So much so, IJN is the largest heart centre in Asia and other countries are queuing up to send their trainee physicians such as Japan, Brunei, Indonesia, Pakistan, Sudan and Vietnam.

"Of course I have no idea what equipment they are using but I have never envisioned that within 20 years of expansion, every state in the country now has its own heart centre (except for Perlis and Terengganu)," he said.

"I am proud because from having only a normal operation theatre unsuitable for heart surgery, IJN now has a cardiac surgery centre including in Sabah."

He said there had been tremendous advancement in the tools and equipment used in CVT care but it required special skill to use because it involved precision.

"The reason I had my surgery in GHKL was I made a mistake because when I was the Prime Minister I promised to lead by example.

They asked me if I wanted to have the surgery in America.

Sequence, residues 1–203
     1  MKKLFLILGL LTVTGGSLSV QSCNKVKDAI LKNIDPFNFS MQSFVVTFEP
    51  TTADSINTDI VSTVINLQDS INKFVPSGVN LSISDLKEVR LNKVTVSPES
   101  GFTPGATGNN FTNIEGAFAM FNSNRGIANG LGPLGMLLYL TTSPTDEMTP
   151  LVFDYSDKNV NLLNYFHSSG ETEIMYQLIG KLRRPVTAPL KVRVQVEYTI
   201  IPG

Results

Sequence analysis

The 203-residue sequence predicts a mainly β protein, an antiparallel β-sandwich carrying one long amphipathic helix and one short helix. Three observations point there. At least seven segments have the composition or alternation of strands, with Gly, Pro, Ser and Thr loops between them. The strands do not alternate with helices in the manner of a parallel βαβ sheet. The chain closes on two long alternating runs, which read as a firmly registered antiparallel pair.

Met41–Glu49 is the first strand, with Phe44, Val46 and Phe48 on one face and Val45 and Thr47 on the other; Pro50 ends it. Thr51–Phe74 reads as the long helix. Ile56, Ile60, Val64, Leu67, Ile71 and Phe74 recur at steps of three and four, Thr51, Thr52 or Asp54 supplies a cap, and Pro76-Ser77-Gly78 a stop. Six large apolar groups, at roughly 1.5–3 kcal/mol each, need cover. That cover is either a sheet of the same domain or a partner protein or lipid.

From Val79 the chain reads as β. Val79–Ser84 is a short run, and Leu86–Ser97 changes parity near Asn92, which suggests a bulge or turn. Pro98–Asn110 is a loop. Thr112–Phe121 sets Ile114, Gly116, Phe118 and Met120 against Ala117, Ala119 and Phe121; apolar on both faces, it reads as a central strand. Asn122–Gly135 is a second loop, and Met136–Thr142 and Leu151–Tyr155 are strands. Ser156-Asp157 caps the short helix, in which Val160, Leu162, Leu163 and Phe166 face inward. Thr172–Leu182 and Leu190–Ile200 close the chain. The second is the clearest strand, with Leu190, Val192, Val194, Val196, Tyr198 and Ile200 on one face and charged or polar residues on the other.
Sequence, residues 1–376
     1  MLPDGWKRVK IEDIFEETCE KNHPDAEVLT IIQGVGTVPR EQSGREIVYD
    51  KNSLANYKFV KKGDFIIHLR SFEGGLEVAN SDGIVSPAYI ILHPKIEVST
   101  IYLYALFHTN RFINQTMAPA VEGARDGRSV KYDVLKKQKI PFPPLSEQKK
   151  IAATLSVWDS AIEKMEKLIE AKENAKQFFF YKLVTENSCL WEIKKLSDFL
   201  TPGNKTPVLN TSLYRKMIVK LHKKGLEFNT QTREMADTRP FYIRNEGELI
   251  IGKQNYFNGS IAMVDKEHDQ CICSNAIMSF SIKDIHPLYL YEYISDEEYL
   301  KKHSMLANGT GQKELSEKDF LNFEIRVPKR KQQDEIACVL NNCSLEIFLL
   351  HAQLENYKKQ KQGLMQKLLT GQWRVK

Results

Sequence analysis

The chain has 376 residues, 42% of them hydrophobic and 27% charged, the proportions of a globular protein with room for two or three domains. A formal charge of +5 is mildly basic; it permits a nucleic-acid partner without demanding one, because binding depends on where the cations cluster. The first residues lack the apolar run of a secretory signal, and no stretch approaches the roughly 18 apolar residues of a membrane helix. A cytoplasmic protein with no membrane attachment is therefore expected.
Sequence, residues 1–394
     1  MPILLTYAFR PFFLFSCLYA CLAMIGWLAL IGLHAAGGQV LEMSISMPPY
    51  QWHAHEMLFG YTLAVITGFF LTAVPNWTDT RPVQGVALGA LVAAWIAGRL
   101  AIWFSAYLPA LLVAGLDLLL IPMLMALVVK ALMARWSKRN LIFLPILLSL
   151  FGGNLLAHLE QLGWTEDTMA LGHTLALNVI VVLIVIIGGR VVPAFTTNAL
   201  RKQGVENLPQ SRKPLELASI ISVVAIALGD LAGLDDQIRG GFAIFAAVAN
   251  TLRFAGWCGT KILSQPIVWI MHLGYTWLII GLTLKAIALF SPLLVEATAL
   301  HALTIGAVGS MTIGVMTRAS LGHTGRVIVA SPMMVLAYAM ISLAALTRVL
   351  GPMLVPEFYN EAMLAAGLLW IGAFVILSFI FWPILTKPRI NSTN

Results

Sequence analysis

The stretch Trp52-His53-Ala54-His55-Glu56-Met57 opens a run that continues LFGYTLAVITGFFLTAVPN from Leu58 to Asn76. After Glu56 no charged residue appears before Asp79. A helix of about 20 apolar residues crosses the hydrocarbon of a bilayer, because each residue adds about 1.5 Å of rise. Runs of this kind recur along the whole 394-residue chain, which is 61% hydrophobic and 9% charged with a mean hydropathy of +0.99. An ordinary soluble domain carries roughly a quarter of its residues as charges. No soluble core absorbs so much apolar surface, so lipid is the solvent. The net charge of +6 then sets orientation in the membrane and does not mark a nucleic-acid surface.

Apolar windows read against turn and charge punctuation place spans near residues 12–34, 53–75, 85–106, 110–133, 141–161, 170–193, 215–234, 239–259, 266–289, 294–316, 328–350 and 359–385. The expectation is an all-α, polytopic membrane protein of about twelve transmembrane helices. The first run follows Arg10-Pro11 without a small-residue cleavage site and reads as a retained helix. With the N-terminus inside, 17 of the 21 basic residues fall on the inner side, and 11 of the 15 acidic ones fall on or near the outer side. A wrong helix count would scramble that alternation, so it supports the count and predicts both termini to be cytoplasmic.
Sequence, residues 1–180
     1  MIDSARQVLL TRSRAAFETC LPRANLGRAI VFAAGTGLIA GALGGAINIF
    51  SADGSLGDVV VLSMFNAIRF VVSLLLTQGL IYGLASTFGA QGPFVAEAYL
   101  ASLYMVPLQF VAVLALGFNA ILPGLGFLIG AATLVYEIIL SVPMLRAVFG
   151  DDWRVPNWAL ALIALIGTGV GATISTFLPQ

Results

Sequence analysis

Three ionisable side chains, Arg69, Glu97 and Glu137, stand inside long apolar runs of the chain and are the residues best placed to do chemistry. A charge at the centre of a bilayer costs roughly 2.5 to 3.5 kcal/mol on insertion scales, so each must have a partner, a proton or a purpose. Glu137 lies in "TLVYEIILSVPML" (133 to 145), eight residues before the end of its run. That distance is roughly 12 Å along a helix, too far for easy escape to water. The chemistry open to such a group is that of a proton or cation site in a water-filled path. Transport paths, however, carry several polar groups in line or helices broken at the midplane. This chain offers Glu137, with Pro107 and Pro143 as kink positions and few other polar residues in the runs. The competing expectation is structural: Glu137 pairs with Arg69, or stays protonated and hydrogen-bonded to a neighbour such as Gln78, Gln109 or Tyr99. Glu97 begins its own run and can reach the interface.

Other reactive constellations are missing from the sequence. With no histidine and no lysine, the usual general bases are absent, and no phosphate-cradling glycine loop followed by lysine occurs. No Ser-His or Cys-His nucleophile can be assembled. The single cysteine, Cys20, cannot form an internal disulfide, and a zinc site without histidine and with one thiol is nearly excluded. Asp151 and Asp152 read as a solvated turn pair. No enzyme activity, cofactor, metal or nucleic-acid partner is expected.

But if I go to America it will be costly and people will start going abroad so in order to be an example I let Malaysian doctors fiddle with my heart," he said to laughter.

According to him, as a doctor, he never thought that he would suffer heart disease because "I have been gentle." He recalled before his first attack happened he had felt pain in his chest "when a group of young people pulled him to dance" but it went away after he sat down to rest.

He felt the pain again when he was riding a horse but again it disappeared after he rested. "I thought it was just a pain in the chest, better than the pain in the neck," he said, adding that the pain, however, did not go away after he had one too many helpings of food.